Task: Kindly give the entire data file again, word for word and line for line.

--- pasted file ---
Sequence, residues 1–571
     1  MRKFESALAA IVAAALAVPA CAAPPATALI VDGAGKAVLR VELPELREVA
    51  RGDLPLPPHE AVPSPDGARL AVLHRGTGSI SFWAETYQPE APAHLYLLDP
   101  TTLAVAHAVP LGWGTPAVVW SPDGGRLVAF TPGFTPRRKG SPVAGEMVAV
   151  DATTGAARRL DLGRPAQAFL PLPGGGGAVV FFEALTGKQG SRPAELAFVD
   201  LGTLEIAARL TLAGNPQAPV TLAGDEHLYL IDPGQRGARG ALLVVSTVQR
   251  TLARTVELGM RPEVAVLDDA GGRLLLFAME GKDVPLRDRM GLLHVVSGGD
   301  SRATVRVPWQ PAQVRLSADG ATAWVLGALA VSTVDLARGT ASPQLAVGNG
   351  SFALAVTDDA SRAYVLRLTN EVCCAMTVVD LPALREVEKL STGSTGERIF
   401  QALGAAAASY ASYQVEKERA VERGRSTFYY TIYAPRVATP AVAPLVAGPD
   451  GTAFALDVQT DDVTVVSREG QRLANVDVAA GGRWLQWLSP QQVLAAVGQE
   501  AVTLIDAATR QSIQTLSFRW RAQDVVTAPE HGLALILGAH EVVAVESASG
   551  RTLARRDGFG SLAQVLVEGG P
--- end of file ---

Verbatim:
Sequence, residues 1–571
     1  MRKFESALAA IVAAALAVPA CAAPPATALI VDGAGKAVLR VELPELREVA
    51  RGDLPLPPHE AVPSPDGARL AVLHRGTGSI SFWAETYQPE APAHLYLLDP
   101  TTLAVAHAVP LGWGTPAVVW SPDGGRLVAF TPGFTPRRKG SPVAGEMVAV
   151  DATTGAARRL DLGRPAQAFL PLPGGGGAVV FFEALTGKQG SRPAELAFVD
   201  LGTLEIAARL TLAGNPQAPV TLAGDEHLYL IDPGQRGARG ALLVVSTVQR
   251  TLARTVELGM RPEVAVLDDA GGRLLLFAME GKDVPLRDRM GLLHVVSGGD
   301  SRATVRVPWQ PAQVRLSADG ATAWVLGALA VSTVDLARGT ASPQLAVGNG
   351  SFALAVTDDA SRAYVLRLTN EVCCAMTVVD LPALREVEKL STGSTGERIF
   401  QALGAAAASY ASYQVEKERA VERGRSTFYY TIYAPRVATP AVAPLVAGPD
   451  GTAFALDVQT DDVTVVSREG QRLANVDVAA GGRWLQWLSP QQVLAAVGQE
   501  AVTLIDAATR QSIQTLSFRW RAQDVVTAPE HGLALILGAH EVVAVESASG
   551  RTLARRDGFG SLAQVLVEGG P